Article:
DON'T DO IT! KEEP MOVING FORWARD!
If you step away from the end of your document for even a moment to fix something, you'll fall victim to that haughty bitch, your Inner Editor. She'll pull you into the Land of Red Ink, and you'll spend the rest of the month fixing what you've written instead of pushing ahead to add to it. And that's not what this month is about. You know it, I know it, and even though she wants you to edit, she knows it, too. Don't give in to her siren song. Let her call to you all she wants, but keep writing forward, keep adding to your story, to the characters, to the dialogue, and let March worry about your Inner Editor.
I know it's overwhelming. The month is half over, but there's still half the month left to use to write. Just get to the next round number, whether it be 25,000, 15,000, or even 5,000. Just get to the next round number in your word count. And when you hit it, pat yourself on the back, and just keep writing. Get to the next round number in your word count. And when you hit 10,000 or 20,000 or 30,000 words, keep writing.
You can hit 50,000 words before the end of the month. I know you can. And I can, too.
This Week Three. This is the time to write. Let the Muse beat the crap out of your Inner Editor for a little while, and just keep writing.
50,000 words, baby! We're halfway there!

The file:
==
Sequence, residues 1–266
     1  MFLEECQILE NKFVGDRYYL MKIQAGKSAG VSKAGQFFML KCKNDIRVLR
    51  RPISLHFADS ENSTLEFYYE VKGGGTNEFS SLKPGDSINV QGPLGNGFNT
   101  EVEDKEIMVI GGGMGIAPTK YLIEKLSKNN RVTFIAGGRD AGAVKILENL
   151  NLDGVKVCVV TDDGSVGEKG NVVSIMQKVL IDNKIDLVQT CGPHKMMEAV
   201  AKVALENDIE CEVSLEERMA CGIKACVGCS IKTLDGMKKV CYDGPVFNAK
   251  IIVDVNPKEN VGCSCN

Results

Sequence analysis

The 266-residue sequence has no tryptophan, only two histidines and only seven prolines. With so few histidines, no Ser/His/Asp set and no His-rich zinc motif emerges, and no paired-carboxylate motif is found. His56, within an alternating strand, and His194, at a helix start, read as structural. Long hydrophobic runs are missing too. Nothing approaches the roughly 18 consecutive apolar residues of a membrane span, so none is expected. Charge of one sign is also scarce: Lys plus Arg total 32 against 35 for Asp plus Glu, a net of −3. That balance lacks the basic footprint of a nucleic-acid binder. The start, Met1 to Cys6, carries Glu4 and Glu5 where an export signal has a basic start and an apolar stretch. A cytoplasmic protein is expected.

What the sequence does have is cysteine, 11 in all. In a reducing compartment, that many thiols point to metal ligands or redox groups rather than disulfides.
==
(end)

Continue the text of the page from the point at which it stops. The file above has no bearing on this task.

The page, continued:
12 November 2008
11 November 2008
When I began writing full time, one of the things I was looking forward to was being able to travel to Illinois to visit my family and friends without having to take vacation days from work. I don't have to think about how many days I have saved up, or if my vacation would even get approved. As a freelance writer who works almost exclusively online, I have the ability to bring work with me, so I can keep working on vacation as long as there's Wi-Fi somewhere.
Some see this as a downfall for working from home. After all, if you can write anywhere, you can write anywhere. You're never really on vacation if you're working on vacation, right?
Yes and no.
There are ways for freelance writers to keep working and still take a vacation.
One way to take a freelance vacation is to plan it as a traditional vacation. Let your clients know you'll be away from the office for a set amount of time, and plan projects around your vacation. Let them know where you'll be in case of an emergency, as you would your employer in a traditional job, but let them know you'll be on vacation (or out of town or however you want to word it). Of course the disadvantage to this is that you aren't working on vacation. The loss of income during the vacation may not be a possibility for you.
Another way to take a freelance vacation is to lighten your work load while you're gone. Let your clients know you'll have limited time for projects because you'll be out of town, and cut back to, say, half-time while you're on vacation. This method works well in balancing spending time with family and friends while still generating an income during vacation. I don't know about you, but if I have a busy day with family and friends on vacation, I often want to return to my hotel room after dinner and relax a little bit. That relaxing time could be used for work time.
Finally, you could maintain your work schedule and simply move your self to your vacation spot. This method obviously limits the amount of time you spend with family and friends while on vacation, but it doesn't affect your income during the vacation.